While the eco-building cost 15 percent more to build than a conventional one, the company says it has already more than paid back the premium through vastly lower operating costs.

In addition to this, the facility harvests rainwater -- important in what is already a water-stressed environment. Solar thermal and photovoltaic panels complete the eco-picture on the site.

A truly light beer begins with the bottles

A year later, Adnams moved again, reducing the weight of glass in its its 500-milliliter beer bottles to 299 grams from 455 grams -- something the rest of the beer industry is now picking up on. And in 2008, the company opened its high-tech, automated, energy-efficient upgraded brewery in the same town center premises where beer making has been traced back to a prosecution for illegal brewing in 1345.

This plant uses far less water than the industry average, at 3.2 pints per pint of beer against 5 per pint, as well as using the heated waste water to help heat the next batch of beer rather than pouring it down the drain.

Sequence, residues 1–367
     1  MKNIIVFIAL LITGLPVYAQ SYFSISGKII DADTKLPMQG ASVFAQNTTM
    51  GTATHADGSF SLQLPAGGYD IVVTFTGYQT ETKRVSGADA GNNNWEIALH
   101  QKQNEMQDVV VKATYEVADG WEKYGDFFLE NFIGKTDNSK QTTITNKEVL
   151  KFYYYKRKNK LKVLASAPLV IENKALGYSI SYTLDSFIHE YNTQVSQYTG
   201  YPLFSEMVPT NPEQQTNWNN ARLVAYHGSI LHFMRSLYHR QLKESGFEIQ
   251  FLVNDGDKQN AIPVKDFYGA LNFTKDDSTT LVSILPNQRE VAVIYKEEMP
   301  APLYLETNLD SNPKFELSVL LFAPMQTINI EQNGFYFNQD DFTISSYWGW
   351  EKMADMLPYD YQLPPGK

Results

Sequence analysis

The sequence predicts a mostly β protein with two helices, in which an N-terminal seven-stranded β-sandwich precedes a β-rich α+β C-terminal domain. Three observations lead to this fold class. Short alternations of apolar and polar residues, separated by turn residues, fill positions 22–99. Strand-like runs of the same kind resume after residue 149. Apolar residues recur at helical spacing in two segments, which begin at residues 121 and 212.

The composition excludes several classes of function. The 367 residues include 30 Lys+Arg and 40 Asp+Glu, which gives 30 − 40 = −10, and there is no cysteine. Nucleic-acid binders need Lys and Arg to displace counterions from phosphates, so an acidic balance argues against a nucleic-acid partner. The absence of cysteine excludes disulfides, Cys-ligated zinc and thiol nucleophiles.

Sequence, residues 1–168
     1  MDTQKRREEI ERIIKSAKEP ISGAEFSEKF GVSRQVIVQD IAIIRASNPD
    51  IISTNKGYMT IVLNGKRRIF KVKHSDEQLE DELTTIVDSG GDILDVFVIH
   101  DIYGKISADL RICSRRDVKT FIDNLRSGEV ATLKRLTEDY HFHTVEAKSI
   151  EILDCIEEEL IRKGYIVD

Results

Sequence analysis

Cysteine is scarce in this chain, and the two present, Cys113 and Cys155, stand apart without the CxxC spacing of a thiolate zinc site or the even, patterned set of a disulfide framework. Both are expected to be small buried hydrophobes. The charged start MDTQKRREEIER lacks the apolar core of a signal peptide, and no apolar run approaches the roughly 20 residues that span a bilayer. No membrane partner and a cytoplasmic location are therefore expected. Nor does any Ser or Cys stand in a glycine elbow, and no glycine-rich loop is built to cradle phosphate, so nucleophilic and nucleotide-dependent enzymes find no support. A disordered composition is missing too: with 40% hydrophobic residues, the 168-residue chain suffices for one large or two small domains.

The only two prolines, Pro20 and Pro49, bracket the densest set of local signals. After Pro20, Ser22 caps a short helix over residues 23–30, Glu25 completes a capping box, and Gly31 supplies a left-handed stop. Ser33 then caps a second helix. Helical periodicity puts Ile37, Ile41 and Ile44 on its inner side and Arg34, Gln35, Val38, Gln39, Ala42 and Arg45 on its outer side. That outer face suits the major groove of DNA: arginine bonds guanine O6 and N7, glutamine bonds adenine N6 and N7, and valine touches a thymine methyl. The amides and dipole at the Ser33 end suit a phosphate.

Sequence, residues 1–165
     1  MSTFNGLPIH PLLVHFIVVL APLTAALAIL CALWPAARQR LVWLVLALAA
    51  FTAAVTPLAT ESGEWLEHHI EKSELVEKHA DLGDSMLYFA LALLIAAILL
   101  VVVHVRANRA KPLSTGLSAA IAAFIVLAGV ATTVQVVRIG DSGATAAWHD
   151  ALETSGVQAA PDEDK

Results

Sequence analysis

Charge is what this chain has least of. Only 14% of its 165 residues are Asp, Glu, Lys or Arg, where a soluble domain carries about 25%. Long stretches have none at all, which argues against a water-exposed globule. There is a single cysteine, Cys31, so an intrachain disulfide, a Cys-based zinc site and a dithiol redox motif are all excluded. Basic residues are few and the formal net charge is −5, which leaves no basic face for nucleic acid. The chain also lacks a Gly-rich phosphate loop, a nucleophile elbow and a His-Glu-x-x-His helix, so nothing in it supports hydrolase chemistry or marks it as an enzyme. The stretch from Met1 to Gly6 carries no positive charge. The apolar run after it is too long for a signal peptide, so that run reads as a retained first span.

It still does not do anything with the carbon dioxide that comes off the beer as it ferments, but ideas and techniques are constantly being tried and who know what may come next, the company says.

And it is not just an internal process. Also in 2008, Adnams produced East Green, a bottled brew it says is the first carbon-neutral beer and that caused a stir with the public, for giant supermarket chain Tesco.

"Our customers have reacted positively to what we are doing, as have our shareholders," said Wood. "We are reducing our waste and our reliance on outside power sources, as well as improving our sustainability. There is also a marketing benefit."

And while the U.K. beer market, which amounts to about 30 million barrels or 8.6 billion pints a year, has been in steady decline for several years, the so-called real or cask ale sector of the market where Adnams sits in a small niche, and which sells about 3 million barrels a year in total, has been rising.

So why have others in the industry, especially the giant brewers, been slow to make a move?

"A lot of the brewing industry is very conservative. They are followers rather than leaders," said Wood. "In fact, many are more like property companies with a brewery attached than brewers with pubs attached."

"We, too, have some pubs and a handful of hotels, but we will always be a brewer first and foremost," he added. "The question is how we take that out to our customers."